Thousands of good dogs are getting extra love these days to honor a golden retriever named Charlie.
After losing Charlie to lymphoma earlier this month, Sallie Gregory Hammett cried for about four days straight. Then she decided to do something different with her grief: write his obituary.
“I wanted to get down all of this quirks,” she told TODAY. “Not that I think I’ll ever forget them, but I wanted to immortalize them and write down every little thing, like him hating stairs and loving peanut butter and all that stuff. I wanted him to be recognized for how important he was to me.”
Despite her loss, Hammett managed to capture canine whimsy — “If we’re being honest, Charlie loved everything life had to offer (except stairs. He hated stairs)” — as well as the deep love they shared. She concluded the obituary with a poignant request to readers: “He will be forever missed and forever remembered, but he left behind his fierce love, which never wavered. In lieu of flowers, the family asks that you give all your pups some extra love in honor of Charlie.”
The message resonated. Soon after posting Charlie’s obituary on Twitter on Sept. 22, it went viral. It’s been liked over 108,000 times, and more than 3,000 people have commented, sharing condolences and photos of pets getting extra love or deceased dogs who will be greeting Charlie on the other side.
The response has been a great comfort for Hammett.
“It’s been a distraction because I have a new dog picture to look at every two minutes, which was an unrealized dream of mine,” she said. “It’s been so overwhelming but heartwarming, too. Overwhelming in a great way, because it’s made me feel like my grief is shared, and it’s just so cool that so many people are getting to know Charlie.”
Hammett, 30, named Charlie after the character Charlie Conway from the film “The Mighty Ducks” — her favorite movie franchise growing up — when he was just 8 weeks old. Throughout his life, he lived up to his namesake’s heart, soul and leadership qualities.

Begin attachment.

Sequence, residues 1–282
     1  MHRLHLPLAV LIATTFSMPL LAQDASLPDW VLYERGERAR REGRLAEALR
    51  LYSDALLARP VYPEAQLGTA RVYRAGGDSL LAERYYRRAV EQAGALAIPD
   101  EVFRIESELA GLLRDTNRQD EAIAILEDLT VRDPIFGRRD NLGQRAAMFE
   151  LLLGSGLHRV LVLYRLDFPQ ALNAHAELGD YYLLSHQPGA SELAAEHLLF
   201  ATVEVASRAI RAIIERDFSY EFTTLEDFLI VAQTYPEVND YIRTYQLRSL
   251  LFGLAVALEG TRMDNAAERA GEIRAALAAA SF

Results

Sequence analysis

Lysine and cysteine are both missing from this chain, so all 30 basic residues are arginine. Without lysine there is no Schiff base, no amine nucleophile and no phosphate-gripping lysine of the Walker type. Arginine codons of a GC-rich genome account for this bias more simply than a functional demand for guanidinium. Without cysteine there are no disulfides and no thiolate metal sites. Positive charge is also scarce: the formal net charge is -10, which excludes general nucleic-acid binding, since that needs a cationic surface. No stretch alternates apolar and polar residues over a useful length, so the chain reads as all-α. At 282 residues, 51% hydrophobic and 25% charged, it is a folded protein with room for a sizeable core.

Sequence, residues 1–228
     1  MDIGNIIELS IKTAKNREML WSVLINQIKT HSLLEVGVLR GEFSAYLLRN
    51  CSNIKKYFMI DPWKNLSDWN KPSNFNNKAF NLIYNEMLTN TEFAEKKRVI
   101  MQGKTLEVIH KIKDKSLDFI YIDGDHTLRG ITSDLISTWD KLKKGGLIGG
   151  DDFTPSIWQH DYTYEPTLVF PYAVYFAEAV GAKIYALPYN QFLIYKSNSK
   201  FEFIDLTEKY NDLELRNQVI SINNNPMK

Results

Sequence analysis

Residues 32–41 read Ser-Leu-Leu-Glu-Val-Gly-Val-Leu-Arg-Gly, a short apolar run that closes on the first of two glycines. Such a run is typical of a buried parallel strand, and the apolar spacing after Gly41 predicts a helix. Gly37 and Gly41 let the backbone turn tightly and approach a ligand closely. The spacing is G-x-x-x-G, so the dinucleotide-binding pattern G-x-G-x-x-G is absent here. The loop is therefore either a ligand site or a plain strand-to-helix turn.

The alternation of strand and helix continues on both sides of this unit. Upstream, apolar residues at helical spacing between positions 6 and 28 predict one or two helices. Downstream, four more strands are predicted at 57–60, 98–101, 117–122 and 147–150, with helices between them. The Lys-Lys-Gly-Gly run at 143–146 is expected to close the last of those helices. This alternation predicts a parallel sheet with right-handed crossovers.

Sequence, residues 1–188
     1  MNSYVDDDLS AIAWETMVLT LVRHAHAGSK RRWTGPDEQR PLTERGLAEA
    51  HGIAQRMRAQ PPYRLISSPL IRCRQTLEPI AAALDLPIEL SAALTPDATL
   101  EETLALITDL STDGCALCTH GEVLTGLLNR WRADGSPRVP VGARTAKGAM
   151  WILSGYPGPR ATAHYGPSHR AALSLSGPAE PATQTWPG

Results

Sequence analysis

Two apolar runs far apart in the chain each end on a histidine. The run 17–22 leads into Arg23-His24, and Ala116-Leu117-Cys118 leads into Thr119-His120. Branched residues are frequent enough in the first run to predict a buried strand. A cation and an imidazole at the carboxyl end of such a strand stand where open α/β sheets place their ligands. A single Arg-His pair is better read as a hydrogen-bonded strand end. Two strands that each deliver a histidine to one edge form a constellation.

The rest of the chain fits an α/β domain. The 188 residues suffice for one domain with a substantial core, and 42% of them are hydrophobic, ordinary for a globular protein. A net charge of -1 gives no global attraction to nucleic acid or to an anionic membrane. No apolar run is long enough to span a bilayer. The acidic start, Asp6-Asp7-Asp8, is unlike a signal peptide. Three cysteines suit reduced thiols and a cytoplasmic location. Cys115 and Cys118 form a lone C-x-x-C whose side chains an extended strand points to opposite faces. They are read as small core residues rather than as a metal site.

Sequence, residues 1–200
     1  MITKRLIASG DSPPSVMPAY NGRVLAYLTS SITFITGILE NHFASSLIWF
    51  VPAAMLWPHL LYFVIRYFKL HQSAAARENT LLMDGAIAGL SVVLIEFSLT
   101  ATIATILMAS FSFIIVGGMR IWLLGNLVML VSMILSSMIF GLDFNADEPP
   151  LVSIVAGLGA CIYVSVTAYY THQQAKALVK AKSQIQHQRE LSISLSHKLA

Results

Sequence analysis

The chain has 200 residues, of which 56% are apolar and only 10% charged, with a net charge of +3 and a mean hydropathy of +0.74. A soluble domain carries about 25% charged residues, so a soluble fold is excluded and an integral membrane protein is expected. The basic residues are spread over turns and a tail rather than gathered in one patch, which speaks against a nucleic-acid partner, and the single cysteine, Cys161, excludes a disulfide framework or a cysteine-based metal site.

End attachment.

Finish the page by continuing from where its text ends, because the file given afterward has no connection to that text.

“He was just the best dog right from the get-go, and I knew that he was meant to be my buddy,” she said.
Charlie was Hammett’s constant companion. She was 23 years old, single and starting a new job in a new city: Greenville, South Carolina. The advertising agency where she worked was pet-friendly, so Charlie came with her to the office. In their downtime, they traveled, hiked in the mountains, played on the beach and tailgated at her alma mater, Clemson University.
“He was an adventurous dog, and he was happy anywhere we would go and see people. You should have seen him tailgating in Clemson — he thought all 40,000 of those people were there to see him,” she said. “He loved people and loved adventure.”
When Hammett married her husband, David, this past May, Charlie sat in the front row. The 7-year-old dog had been diagnosed with lymphoma the previous month, and his life expectancy was just a month or two, so she was grateful that he made it to the special day.
Hammett appreciated every extra moment with Charlie, which is why she suggested dog lovers honor his death by giving extra love to their pets.
Ultimately, she hopes his life helps inspires people to live more like Charlie. As she wrote in his obituary, “He was good at a lot of things, but he was best at unconditional love.”
“I would love for his legacy to be inspiring people to reach for that unconditional love,” she said. “I hope people could learn to love each other and be kinder to each other like a dog would.”